The key takeway from this is in most cases intelligence is fairly obvious to spot. It is kind of self-evident. In our case it means, our AI for a 4X game has to be good enough doing what it needs to do so that it can be clearly recognized as intelligent. This is also the bar it has to pass.
How AI is seen today
A good deal of our trouble to spell out this simple fact stems from the approach how software, particularly games, currently go about AI design.
Technically they mimic specific features, like ducking behind cover, or attacking opponents with the highest threat vs defense rating, in order to give the players the impression of intelligent behaviour. But it is all surface, if you peel away the outer layer, this behaviour hardly adapts to changing contexts beyond heuristics. There is no concept of an AI directing a computer player's entire behaviour.
So it was only logical that people asked what is the difference between your AI and what is already there. They technically ask for the features that are implemented additionally, beyond the heuristics and cheats.
This is ingrained in the mindset of people regardless of whether they work on a game or visit our discord server to discuss expected AI behaviour. I can't blame them, because this is how AI is treated currently. Even neural network AI is seen as an approximation to an intended behaviour with some features and flaws that coexist.
What if we had indeed an AI that isn't only a collection of heuristics and features but an entity with its own distinct behaviour?
This is obviously the ultimate goal.
This project is a stepping stone towards it. It is unique in the world, a first, that we implement rules/mechanics and then have an AI use these rules to produce a behaviour.
This is what I am currently implementing for Heroes V. It is a vast game in terms of rules and game mechanics, but during the last years most of these have been already implemented.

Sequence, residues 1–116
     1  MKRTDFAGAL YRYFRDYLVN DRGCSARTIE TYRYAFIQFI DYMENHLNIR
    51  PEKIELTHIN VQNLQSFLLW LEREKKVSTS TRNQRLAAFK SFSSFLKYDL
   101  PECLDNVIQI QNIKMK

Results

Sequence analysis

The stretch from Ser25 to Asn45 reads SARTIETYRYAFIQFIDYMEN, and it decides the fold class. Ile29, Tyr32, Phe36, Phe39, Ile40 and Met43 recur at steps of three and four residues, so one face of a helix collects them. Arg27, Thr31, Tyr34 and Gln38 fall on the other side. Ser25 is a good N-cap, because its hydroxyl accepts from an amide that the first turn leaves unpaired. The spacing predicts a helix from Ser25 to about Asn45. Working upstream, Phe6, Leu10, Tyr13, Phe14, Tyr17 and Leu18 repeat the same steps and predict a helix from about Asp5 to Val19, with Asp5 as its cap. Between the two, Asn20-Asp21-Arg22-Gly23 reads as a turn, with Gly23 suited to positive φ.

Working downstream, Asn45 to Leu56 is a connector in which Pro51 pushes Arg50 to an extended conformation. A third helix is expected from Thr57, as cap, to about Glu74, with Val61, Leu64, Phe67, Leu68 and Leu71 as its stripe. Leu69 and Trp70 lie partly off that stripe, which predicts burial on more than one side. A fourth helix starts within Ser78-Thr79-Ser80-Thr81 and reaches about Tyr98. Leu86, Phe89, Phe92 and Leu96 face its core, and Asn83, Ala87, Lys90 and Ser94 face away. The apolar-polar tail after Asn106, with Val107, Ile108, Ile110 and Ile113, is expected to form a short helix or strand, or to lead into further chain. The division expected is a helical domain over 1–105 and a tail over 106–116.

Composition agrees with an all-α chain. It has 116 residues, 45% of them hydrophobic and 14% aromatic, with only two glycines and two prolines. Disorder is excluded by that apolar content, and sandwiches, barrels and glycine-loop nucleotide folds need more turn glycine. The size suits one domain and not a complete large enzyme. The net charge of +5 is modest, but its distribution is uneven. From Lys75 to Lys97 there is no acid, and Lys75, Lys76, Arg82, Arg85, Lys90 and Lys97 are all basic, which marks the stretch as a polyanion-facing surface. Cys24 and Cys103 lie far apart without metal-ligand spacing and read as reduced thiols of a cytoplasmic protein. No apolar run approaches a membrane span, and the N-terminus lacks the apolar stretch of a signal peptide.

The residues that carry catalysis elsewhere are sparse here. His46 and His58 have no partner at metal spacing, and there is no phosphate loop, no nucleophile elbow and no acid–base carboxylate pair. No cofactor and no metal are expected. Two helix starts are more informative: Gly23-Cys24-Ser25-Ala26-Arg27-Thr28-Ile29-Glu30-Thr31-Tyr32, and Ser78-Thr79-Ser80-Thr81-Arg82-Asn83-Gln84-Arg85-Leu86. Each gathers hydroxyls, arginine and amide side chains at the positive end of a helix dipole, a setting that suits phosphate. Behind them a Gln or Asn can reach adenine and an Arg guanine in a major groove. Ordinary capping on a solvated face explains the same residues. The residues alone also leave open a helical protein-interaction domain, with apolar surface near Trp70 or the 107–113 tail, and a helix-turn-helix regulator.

If you so will, what so far has been implemented as AI is very much in the old vein, implemented rules + a very strong lookahead + a good strategic valuation heuristic. But it has been implemented in such a way that it serves the transition to the next level.
The next milestone on the roadmap is named strategic planning. But in practice it means an upgrade of the AI to survey the entire map (and state of the game) and use the rules to arrive at a logical sequence of actions. It does away with valuation heuristics in the traditional sense. Instead the AI will simply play to achieve victory and assign values to individual actions on the map itself.
We leave the present notion of what AI is behind.
Instead an AI is an entity that has knowledge of the rules and a goal to arrive at a logical behaviour.
Naturally this implies that the AI can adapt to any context that the rule space allows.
If we succeed you can witness first hand whether the AI acts intelligently or not. Games like Heroes of Might & Magic and Master of Orion represent their own game world, with most of the game's objects and rules having real-world equivalents. So you can simply use your intuition to judge what you experience first hand in these games.
As there are usually many more possibilities and paths than even experienced players are aware of, a good AI should be able to surprise you and offer lessons that you could learn from.
This is what is behind the milestone strategic planning. There is still work to be done, but it is the next one.